These challenges are multiplied when we want others to collaborate with us in our personal knowledge management system.

We are going to see many ways of resolving these challenges that break the current paradigms and move us to a far more personal way of working. Doodle is an example of a different way of thinking about team scheduling that works across personal diaries. There are many people thinking about the to-do list and note taking most of which are being delivered as cloud services built to interact with personal applications. This continued shift to personal is going to significantly change the way that individuals and teams interact, collaborate and do work. As always the technology shift is the smaller part of a much larger cultural shift.

As a person I’m the one who is enabled and approved for access to all sorts of data. In the future I am expecting to be able to have a personal life assistant which is going to need access to all of my sources of data to enact upon them, but that’s another challenge requiring another paradigm shift.

A Virtual Desktop Analogy – Rooms and Properties

One of the techniques that I like to use when discussing technology with customers and colleagues is analogy. I find that it helps to break through the barriers of technology terminology and acronyms. It creates a picture in people’s heads that they can relate to.

Granddad wonders what a virtual desktop is?I’ve recently really enjoyed reading the analogy for Virtual Desktops put forward by Andreas Groth on IBM’s Thoughts on the Cloud Blog:

The virtual desktop arena is particularly mired in terminology and acronyms. For starters, what is a desktop anyway? Is it the top of this desk I’m sitting at? Is it the device that’s sitting on top of the desk? Is it the layout of the things on the screens that I am looking at? Well, of course, it’s all three of them depending on the context, even though the device that I’m currently using is a laptop. What does virtual really mean anyway? So when we start talking about shared virtual desktops, persistent virtual desktops, dedicated virtual desktops, local virtual desktops, pooled virtual desktops, etc. it just adds to the confusion. Virtual applications anyone?

Andreas’ analogy uses different residency types (hotels, private residence, etc.) as a parallel for the different virtual desktop types.

  • The hotel is analogous to the basic pooled virtual desktop approach. It has all of the basic capabilities you require. It’s the same every time you go into it because it’s serviced. You’re allowed to take some of your own stuff in, but you have to take it with you when you go.
  • The private residence is analogous to the dedicated virtual desktop approach. It’s yours, you can do what you like inside it. If you break it then you’ll have to fix it yourself, or hire someone in to do a professional repair. You may check into a hotel room while it’s being fixed, but it won’t be home.

He then extends this parallel to look at the different perspectives that people have about the residency – the occupier sees things differently to the property manager.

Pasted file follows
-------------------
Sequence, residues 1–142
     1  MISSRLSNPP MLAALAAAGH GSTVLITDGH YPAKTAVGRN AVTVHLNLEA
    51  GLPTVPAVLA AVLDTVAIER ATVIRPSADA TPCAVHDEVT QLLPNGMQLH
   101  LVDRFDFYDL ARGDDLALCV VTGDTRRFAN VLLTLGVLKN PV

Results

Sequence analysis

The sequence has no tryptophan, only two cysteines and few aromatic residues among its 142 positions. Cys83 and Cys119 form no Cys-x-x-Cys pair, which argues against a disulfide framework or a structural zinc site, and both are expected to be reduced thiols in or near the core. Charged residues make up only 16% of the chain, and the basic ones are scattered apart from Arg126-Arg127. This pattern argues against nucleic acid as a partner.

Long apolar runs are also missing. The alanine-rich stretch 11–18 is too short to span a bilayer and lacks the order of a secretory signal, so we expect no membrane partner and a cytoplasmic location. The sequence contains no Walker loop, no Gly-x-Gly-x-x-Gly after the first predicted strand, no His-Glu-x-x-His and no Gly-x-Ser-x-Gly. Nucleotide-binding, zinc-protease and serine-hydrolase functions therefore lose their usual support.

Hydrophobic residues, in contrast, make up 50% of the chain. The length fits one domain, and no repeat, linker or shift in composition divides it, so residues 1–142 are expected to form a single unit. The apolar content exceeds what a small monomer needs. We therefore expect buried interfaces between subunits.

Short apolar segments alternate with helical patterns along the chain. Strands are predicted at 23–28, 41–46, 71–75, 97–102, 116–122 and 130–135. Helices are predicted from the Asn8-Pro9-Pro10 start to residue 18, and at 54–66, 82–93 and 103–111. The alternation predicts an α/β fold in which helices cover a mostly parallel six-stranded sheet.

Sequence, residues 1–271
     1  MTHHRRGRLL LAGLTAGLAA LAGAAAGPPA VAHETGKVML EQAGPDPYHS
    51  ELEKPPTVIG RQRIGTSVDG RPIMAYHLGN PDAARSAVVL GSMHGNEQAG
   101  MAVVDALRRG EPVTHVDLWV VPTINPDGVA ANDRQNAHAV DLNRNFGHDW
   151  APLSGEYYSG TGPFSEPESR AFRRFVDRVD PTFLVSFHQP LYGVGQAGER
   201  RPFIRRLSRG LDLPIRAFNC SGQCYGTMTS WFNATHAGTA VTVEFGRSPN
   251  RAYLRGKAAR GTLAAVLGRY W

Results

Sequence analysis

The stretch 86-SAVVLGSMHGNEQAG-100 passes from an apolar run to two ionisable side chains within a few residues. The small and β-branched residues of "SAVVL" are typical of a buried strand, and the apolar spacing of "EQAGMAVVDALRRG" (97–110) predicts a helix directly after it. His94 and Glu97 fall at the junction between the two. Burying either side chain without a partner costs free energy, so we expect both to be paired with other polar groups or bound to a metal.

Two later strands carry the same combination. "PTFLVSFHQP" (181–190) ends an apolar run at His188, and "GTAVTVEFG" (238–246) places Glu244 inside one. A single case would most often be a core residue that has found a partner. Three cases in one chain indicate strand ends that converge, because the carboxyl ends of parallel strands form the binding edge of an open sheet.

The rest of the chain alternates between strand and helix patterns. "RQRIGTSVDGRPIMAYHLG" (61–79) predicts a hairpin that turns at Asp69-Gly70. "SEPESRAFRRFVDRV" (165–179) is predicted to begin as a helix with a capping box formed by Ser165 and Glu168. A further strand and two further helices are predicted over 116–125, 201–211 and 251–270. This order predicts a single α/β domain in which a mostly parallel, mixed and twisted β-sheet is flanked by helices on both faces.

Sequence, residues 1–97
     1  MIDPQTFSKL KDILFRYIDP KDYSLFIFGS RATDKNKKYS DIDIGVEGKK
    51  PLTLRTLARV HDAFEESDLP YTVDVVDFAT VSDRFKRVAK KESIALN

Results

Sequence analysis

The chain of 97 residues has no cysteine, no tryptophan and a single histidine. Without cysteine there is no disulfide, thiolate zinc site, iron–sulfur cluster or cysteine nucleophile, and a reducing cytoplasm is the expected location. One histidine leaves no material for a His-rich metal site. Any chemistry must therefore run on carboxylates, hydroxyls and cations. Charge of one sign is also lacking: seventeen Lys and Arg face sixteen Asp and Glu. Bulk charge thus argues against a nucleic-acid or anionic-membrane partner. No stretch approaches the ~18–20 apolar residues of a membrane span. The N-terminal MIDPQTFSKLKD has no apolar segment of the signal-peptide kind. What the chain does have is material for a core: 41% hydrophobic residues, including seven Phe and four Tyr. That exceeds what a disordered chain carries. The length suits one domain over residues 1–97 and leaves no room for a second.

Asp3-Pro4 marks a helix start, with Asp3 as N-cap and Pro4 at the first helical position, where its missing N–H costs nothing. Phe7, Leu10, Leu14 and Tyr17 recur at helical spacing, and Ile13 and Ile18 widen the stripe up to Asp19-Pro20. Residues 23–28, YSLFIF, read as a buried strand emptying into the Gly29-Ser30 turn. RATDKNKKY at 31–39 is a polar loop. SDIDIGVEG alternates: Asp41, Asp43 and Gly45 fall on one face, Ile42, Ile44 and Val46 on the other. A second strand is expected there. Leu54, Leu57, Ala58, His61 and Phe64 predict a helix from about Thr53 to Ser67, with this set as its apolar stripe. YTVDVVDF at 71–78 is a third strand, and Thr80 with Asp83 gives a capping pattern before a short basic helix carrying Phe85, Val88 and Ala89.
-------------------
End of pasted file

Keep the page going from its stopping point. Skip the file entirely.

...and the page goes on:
A really good analogy isn’t there to provide all of the answers, it’s there to help you get a different insight, and this one does.

It provides the insight about why people don’t really like the hotel approach (pooled virtual desktops). They generally have no technical reason, or even a functional reason for disliking it, it’s just that the desktop experience has become personal to them and you can’t really personalise a hotel room. Likewise, some people will, given the choice, always live in a hotel, because they like the way it’s serviced.

Another insight is the difference in costs and charging models. You generally pay for a hotel on a per-night basis, but you take out a longer term relationship for a private residence. Perhaps we are doing ourselves is disservice by viewing them as the same in the virtual desktop world.

I suppose that in this analogy a local virtual desktop on a  laptop is a gypsy caravan. It’s where you live, you can do what you like to it, and you carry it around with you. What do you think?

Cisco Connected World Techology Report

Over the last few years Cisco have produced a report on the changing attitude of people to being permanently connected.

This years report – 2012 Cisco Connected World Technology Report – has just been released. The report is based on two surveys, one looking into the attitudes of Gen Y, and the other looking at the attitude of IT Professionals.

At the heart of this year’s study is the smartphone and the constant connectivity it provides to work, entertainment, shopping, and friends. There are 206 bones in the human body, and the smartphone should be considered the 207th bone for Generation Y. They view smartphones as an appendage to their beings — an indispensable part of their lives, and yet they are concerned about data management and Internet security.

Who knew that 43% of British Gen Y always check there smart-phone as part of their morning ritual alongside brushing there teeth? It wasn’t much of a surprise to me having seen how many of them check their smart phone while stood at the latrine at work! The French are far less bothered about such things with only 29% always checking. It’s interesting that women are significantly more driven to be connected with 85% of them being compulsive checkers; it’s only 63% of men.

There’s a fun visualisation that enables you to calculate your data footprint, I apparently have a highly connected lifestyle. As you might expect there’s also a report highlighting some of the statistics and drawing some conclusions along with the seemingly mandatory set of Infographics including an interactive one showing the results for the different countries that took part.

The world is changing fast, there are a lot of people who don’t realise how fast.